Fulton County high school athletic director appeals suspension

Credit: Jenni Girtman

Credit: Jenni Girtman

A Fulton County high school athletic director is appealing a suspension after he was accused of pushing a student during a campus search for a handgun.

Kenneth Miller has been on paid leave from his post at Tri-Cities High School since shortly after the August incident, said his attorney, Allen Lightcap.

Fulton County Schools initially tried to fire Miller for allegedly reacting aggressively after the student knocked Miller’s cellphone out of his hand. The incident took place as Miller questioned the student about a weapon that was later discovered in the student’s bag, Lightcap said.

“Kenneth Miller did nothing wrong. He defended himself against a student who attacked him. The very student who attacked him brought a loaded gun to school that day,” Lightcap wrote in his appeal letter.

Credit: Jenni Girtman

Credit: Jenni Girtman

The district said Miller intervened inappropriately in a situation that school administrators and law enforcement were handling.

“Mr. Miller’s conduct resulted in an escalation of a physical altercation with a student in crisis, which conflicts with district expectations to deescalate in these types of situations,” the statement said.

The student was arrested, Lightcap said. Documents he provided to The Atlanta Journal-Constitution state the student withdrew from the high school and did not provide a statement for the district’s personnel investigation report.

In January, Superintendent Mike Looney recommended Miller be fired. A termination hearing was halted by the district shortly after it began, Lightcap said.

Looney later recommended a lesser punishment of a 20-day unpaid suspension. An oral argument on the suspension is scheduled for Wednesday.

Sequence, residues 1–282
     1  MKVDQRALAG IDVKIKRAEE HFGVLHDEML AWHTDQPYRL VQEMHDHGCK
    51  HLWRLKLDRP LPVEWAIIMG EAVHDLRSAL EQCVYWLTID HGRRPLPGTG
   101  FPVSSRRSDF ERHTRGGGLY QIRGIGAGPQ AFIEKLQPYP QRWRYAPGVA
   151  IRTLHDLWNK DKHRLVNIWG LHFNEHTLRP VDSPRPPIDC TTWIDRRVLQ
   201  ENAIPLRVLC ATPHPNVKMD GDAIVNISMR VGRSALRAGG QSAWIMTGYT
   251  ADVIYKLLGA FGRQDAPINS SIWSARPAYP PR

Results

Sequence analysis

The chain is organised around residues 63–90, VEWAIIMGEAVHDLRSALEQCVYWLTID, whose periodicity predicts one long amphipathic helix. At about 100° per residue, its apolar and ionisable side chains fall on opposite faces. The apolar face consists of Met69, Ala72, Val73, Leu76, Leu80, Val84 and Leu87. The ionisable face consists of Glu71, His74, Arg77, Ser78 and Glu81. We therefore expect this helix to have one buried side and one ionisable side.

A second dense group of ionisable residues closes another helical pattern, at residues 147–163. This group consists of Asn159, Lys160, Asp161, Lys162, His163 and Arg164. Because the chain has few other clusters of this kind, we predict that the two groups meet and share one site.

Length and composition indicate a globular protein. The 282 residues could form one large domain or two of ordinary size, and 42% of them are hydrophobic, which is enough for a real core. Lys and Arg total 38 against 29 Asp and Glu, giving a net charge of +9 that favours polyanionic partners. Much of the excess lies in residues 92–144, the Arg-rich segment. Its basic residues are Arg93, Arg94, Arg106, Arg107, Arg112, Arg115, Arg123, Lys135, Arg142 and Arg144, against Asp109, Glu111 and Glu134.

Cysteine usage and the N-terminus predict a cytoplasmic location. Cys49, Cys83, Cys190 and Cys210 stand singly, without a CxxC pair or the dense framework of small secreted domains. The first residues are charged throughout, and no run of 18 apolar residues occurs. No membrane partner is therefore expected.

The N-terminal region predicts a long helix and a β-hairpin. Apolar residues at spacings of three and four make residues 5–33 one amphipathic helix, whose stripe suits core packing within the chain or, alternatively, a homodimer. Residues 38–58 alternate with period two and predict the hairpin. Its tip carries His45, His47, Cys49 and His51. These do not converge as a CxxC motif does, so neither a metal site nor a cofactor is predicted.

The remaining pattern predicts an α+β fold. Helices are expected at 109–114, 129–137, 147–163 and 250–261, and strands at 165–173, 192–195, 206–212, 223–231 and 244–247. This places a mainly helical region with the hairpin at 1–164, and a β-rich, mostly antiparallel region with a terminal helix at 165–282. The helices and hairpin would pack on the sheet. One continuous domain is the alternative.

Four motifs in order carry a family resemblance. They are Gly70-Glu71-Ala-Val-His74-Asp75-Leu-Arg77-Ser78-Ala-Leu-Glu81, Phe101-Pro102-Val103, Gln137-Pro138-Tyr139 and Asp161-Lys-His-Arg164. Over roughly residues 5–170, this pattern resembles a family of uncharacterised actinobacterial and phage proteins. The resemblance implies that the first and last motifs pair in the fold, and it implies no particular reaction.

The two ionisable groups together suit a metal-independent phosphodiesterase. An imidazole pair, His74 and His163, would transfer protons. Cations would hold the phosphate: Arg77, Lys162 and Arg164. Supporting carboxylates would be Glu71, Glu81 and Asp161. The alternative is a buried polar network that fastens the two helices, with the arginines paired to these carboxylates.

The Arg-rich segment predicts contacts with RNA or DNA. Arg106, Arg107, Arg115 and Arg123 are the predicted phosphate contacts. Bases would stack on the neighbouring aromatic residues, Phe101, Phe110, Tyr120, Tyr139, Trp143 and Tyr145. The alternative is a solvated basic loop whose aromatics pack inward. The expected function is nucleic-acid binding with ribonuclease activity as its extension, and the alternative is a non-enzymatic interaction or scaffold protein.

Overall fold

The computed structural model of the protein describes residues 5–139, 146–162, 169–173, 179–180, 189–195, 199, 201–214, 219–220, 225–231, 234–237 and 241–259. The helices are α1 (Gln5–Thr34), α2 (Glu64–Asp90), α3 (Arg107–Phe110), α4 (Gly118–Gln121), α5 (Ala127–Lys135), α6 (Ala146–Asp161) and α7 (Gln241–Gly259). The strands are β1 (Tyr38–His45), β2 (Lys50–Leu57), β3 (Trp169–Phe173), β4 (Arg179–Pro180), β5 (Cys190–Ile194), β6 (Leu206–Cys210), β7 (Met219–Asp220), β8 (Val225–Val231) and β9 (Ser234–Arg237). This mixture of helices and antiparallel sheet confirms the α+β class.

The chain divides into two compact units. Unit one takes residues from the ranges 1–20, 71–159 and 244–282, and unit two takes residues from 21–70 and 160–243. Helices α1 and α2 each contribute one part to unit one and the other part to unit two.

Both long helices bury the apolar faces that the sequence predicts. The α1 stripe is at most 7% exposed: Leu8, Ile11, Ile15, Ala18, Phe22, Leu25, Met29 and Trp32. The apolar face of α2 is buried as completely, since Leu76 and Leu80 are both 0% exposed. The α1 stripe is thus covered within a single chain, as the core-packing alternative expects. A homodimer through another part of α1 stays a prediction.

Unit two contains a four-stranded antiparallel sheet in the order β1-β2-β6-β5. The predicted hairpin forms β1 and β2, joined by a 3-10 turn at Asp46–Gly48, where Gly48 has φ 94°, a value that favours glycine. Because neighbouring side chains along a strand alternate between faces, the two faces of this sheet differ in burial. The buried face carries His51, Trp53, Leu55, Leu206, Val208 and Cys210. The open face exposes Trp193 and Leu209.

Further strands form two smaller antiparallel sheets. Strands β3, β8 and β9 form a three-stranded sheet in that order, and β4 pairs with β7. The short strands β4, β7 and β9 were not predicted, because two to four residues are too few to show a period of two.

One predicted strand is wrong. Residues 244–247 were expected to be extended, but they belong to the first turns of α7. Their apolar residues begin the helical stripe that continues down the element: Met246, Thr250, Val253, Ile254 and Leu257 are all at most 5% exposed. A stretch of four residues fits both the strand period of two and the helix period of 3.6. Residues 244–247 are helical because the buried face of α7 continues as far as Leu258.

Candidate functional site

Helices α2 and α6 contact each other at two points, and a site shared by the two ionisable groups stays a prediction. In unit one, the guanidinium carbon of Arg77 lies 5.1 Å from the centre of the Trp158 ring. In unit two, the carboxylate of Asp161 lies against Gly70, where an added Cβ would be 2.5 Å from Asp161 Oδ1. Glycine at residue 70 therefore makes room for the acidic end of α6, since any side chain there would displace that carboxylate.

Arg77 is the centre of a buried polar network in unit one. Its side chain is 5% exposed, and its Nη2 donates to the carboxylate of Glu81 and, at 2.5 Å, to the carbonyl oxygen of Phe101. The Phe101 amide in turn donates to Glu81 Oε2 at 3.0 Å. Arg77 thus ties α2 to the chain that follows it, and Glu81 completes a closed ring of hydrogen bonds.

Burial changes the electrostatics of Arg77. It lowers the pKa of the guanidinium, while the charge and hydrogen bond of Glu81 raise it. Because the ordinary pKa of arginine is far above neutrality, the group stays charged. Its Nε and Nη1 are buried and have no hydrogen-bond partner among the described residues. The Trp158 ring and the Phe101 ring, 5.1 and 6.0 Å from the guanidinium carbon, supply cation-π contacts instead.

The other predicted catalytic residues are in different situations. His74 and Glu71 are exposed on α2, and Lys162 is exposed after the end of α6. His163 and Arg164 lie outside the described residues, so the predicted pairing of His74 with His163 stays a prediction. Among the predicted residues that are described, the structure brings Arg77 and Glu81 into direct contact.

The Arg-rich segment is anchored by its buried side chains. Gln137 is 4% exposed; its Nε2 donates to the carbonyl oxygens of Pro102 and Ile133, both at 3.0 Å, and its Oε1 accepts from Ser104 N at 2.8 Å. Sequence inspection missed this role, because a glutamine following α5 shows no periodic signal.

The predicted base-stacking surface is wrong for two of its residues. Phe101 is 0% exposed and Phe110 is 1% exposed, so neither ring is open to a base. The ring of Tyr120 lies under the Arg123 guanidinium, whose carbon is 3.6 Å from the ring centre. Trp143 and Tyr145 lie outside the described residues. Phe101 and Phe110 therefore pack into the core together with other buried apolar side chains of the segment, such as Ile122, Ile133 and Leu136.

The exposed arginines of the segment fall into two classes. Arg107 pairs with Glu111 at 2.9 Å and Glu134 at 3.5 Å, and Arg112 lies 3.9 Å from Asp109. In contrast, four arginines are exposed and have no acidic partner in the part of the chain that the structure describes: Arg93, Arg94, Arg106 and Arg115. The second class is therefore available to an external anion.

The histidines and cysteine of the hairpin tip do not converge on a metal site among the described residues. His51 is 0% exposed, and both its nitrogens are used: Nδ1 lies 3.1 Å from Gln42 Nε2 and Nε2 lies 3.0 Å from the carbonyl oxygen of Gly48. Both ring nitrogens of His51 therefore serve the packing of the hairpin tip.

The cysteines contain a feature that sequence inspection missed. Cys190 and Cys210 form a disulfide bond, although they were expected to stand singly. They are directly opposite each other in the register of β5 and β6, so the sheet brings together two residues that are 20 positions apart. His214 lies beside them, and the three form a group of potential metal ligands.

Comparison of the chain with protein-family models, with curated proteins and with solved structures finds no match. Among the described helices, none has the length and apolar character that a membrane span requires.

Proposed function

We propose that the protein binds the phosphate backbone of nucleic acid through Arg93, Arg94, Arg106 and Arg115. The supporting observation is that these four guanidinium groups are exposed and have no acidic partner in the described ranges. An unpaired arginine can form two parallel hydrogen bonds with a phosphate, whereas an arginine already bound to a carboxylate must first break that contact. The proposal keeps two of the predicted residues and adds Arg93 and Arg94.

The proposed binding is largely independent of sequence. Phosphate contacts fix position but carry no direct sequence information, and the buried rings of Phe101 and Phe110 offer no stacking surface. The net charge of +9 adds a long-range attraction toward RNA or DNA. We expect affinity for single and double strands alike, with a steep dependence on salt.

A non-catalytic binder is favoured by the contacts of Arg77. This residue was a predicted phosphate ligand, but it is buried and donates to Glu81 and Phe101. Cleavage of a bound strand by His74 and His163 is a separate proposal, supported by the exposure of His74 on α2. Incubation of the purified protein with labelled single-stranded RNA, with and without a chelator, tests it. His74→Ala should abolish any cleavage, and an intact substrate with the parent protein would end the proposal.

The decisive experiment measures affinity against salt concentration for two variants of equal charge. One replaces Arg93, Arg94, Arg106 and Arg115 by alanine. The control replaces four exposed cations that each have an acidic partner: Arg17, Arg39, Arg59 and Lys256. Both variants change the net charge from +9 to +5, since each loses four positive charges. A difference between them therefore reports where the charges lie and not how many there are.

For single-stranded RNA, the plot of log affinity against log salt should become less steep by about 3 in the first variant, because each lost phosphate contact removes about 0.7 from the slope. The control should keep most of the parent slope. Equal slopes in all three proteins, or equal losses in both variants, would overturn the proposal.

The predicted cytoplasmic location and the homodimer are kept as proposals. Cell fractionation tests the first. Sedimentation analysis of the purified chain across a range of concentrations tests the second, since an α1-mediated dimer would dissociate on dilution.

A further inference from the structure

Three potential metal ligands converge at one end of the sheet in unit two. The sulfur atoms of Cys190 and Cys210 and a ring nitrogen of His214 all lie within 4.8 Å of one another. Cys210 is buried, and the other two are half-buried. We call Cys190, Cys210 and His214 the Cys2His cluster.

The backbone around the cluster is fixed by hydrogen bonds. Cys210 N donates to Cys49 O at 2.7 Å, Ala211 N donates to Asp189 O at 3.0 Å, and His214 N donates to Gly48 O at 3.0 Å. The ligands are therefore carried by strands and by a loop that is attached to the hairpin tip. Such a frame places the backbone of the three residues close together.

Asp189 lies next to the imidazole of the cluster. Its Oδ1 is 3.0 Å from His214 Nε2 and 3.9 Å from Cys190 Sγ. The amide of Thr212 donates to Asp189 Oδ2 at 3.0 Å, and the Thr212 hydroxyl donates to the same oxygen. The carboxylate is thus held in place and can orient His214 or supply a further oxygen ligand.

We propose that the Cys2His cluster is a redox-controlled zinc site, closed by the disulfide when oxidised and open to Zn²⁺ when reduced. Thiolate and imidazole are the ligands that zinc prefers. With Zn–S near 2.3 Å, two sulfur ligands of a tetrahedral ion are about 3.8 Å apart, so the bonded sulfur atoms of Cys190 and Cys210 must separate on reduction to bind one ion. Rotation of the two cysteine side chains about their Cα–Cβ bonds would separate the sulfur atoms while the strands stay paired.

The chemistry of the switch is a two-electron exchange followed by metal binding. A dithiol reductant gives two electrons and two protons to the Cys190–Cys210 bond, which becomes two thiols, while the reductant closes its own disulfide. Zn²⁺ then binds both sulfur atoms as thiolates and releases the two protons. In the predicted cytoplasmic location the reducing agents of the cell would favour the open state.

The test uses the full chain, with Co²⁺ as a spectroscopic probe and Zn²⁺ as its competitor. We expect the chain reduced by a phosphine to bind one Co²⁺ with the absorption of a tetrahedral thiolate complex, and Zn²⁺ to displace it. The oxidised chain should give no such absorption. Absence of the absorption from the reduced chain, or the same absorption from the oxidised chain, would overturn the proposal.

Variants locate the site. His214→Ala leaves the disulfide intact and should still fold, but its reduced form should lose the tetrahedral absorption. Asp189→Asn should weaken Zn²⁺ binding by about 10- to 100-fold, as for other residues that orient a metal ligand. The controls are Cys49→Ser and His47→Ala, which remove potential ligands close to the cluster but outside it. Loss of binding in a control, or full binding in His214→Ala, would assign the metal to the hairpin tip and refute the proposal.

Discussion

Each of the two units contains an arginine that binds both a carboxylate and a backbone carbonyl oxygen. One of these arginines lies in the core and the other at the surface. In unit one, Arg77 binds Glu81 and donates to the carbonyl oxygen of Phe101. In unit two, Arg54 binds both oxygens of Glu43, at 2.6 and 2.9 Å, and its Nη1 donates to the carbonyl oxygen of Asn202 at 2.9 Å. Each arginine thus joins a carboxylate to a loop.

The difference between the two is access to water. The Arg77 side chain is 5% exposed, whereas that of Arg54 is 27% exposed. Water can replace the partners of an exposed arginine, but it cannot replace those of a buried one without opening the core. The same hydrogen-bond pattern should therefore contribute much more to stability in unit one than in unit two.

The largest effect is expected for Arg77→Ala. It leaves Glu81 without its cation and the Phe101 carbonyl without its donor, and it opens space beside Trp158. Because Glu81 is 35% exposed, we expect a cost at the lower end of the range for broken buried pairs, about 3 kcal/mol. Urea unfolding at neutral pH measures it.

Lightcap is waging a campaign to show support for Miller, including a Thursday rally at an East Point church.

“We’ve now had to tell the story so he can come out of the shadows and be proud of what he did because people should be able to see what priorities the district has in this case,” Lightcap said.

Credit: Jenni Girtman

Credit: Jenni Girtman

He said the district’s rules for suspending employees do not allow him to mount as robust of a defense as termination proceedings. At the halted termination hearing, he planned to call a dozen witnesses before a tribunal, which would make a recommendation to the school board.

A suspension procedure gives each side 30 minutes for oral arguments in front of a hearing officer, who makes a recommendation to the superintendent. The superintendent can then affirm or overturn his prior decision to suspend the employee. The superintendent’s decision is final.

In a March letter to Miller, Looney wrote that video footage of the incident shows Miller was not justified when he made physical contact with the student.

The athletic director was instructed by the principal to respond to a weapons situation, Lightcap said. He cited an internal report in which witnesses said the student acted as the aggressor. That report states that three witnesses did not see “any misconduct by Miller.”

“Teachers have a right to defend themselves,” Lightcap wrote in his appeal.

Lightcap said his client has already been cleared by the Georgia Professional Standards Commission, which investigates complaints of improper conduct by educators. The commission’s legal officer confirmed the agency found “no probable cause to issue disciplinary action.”

In 2000, Miller received a reprimand from the commission, stemming from allegations he struck another coach after a middle school football game. Lightcap said Miller was in his first year of teaching and that he accepted the minor sanction “to get on with his career.”